Winter 2019 Newsletter | In the Media

Ervin Staub, emeritus professor of psychological and brain sciences, recently gave a talk at the Heinz History Center in Pittsburgh where he discussed how to be an active bystander and how this can make a difference in preventing violence and harmful behavior. Pittsburgh Jewish Chronicle

Rebecca Ready featured on Connecting Point. One of Ready’s research specialties is sports-related concussions, which can cause Chronic Traumatic Encephalopathy. More commonly known as CTE, the degenerative brain disease was first discovered in football players. But, CTE can affect anyone with a history of repetitive brain trauma, like hockey players and military veterans. Dr. Ready joined Carrie Saldo to discuss her research. ​Watch Video

Susan Whitbourne, emeritus professor of psychological and brain sciences, writes a column about the idea of "mindless eating," or the tendency to eat more than one should due to outside factors that can't be controlled. She says poorly designed studies are now calling the whole idea into question. Psychology Today

Rebecca Spencer says while it is known that deep sleep helps process memories and emotions, lighter sleep, such as naps for small children, can also have a soothing effect. She says, "kids are really emotional without naps, and they're hypersensitive to emotional stimuli," because they haven't consolidated the emotional baggage from earlier in the day. Spencer says naps can help adults, but not the same degree. BBC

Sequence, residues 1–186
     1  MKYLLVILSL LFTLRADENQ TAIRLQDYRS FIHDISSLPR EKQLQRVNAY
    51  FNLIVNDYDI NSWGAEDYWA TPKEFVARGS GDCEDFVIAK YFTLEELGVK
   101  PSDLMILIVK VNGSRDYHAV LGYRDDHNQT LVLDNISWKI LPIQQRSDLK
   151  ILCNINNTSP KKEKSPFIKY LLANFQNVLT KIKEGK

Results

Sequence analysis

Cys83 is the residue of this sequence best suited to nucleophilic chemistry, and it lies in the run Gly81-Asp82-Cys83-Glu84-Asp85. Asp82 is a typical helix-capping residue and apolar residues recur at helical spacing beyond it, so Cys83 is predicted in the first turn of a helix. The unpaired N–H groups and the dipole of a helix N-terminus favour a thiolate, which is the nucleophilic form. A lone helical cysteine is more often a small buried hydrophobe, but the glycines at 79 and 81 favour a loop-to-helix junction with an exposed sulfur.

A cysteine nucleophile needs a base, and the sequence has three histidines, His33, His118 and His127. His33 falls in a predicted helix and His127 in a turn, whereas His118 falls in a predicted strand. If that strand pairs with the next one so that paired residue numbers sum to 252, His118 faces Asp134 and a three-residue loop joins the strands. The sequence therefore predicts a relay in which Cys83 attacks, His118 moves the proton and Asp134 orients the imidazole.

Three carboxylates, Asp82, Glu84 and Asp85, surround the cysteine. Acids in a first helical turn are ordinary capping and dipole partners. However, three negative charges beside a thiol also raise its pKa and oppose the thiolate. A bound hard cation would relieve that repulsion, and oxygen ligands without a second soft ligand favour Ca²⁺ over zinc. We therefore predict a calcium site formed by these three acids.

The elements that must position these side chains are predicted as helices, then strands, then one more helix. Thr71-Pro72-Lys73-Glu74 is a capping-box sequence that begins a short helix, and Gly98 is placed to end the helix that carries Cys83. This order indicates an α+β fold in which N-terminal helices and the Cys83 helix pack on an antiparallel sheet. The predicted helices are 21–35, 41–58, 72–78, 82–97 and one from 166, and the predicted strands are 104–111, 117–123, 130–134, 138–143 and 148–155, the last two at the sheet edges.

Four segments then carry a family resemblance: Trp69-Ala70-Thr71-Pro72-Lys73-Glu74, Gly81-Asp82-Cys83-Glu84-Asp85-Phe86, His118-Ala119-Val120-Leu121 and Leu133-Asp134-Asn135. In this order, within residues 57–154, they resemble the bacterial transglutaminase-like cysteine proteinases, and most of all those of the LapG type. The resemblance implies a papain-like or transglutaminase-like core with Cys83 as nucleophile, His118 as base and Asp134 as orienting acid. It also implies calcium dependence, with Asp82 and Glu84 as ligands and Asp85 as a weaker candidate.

Rebecca Spencer featured on Connecting Point discussing her current studies on the importance of sleep for older adults as it relates to memory and how overnight sleep and naps affect preschool age children. Watch Video

Research conducted by Rebecca Spencer that indicates missing a nap for small children significantly and negatively reduced memory in several areas, including motor-skill development and regulating emotions, is cited in a news story. The story says even if children in preschool and kindergarten don’t require a nap, they should at least have some quiet time during the day. It also says up to 60 percent of 4-year-olds still need naps. Education Dive

A long magazine story looking at how anger has become the dominant emotion in American politics and personal life, cites a survey conducted back in 1977 in Greenfield by James Averill, emeritus professor of psychological and brain sciences, that drew an unexpectedly strong response from townspeople. He found that people were eager to share their angry episodes and most told him anger often helped them resolve the issues that created the conflict. The Atlantic

Harold Grotevant, Rudd Family Foundation Chair and PBS faculty member, comments in a powerful story chronicling a mother and her son who was placed in an open adoption. After a New York Times article 20 years ago, their story is revisited. Grotevant summarizes three decades of research on open adoption this way: “When we started, people were afraid of open adoption, they thought it would be confusing to children, would harm the bond with adoptive parents and would be bad for birth parents because it would not allow closure. We can now say definitively that none of those fears hold up. But we can also say that it’s complicated. Open adoption requires that families be flexible and good at communicating.” Yahoo News